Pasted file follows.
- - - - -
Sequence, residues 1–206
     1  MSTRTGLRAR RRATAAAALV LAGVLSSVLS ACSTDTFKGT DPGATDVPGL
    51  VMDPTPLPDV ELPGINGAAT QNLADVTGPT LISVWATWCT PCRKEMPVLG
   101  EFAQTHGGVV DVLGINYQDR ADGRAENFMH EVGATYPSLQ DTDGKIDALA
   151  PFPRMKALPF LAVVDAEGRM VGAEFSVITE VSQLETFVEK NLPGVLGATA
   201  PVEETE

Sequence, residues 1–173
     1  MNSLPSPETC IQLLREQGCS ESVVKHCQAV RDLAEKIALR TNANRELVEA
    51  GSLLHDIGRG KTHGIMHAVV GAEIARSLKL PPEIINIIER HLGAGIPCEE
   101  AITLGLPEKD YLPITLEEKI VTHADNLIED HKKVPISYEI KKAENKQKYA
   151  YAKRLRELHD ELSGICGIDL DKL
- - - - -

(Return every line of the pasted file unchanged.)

Sequence, residues 1–206
     1  MSTRTGLRAR RRATAAAALV LAGVLSSVLS ACSTDTFKGT DPGATDVPGL
    51  VMDPTPLPDV ELPGINGAAT QNLADVTGPT LISVWATWCT PCRKEMPVLG
   101  EFAQTHGGVV DVLGINYQDR ADGRAENFMH EVGATYPSLQ DTDGKIDALA
   151  PFPRMKALPF LAVVDAEGRM VGAEFSVITE VSQLETFVEK NLPGVLGATA
   201  PVEETE

Sequence, residues 1–173
     1  MNSLPSPETC IQLLREQGCS ESVVKHCQAV RDLAEKIALR TNANRELVEA
    51  GSLLHDIGRG KTHGIMHAVV GAEIARSLKL PPEIINIIER HLGAGIPCEE
   101  AITLGLPEKD YLPITLEEKI VTHADNLIED HKKVPISYEI KKAENKQKYA
   151  YAKRLRELHD ELSGICGIDL DKL